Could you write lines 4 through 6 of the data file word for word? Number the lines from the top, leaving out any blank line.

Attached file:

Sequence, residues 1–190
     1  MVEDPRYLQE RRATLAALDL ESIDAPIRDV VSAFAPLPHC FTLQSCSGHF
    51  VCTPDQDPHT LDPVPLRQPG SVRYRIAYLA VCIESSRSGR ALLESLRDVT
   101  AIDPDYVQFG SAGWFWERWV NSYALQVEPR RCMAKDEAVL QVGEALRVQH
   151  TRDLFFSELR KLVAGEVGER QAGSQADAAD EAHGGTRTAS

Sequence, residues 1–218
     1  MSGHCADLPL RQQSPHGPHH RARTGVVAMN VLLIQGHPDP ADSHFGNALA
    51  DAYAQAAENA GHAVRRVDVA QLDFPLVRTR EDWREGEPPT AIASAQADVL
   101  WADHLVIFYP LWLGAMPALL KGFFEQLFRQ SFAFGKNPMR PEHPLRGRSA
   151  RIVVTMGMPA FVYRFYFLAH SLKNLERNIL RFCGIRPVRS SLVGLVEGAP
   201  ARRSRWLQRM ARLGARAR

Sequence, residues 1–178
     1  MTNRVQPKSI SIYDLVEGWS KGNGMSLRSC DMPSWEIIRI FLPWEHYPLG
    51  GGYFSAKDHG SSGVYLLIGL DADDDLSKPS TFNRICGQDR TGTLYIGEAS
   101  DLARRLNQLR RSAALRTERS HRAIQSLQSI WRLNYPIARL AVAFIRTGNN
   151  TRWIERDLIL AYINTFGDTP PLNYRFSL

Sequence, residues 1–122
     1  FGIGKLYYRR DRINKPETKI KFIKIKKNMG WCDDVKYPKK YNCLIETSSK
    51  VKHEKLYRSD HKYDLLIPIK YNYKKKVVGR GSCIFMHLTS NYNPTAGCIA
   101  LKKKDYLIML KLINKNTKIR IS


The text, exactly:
   101  AIDPDYVQFG SAGWFWERWV NSYALQVEPR RCMAKDEAVL QVGEALRVQH
   151  TRDLFFSELR KLVAGEVGER QAGSQADAAD EAHGGTRTAS

Sequence, residues 1–218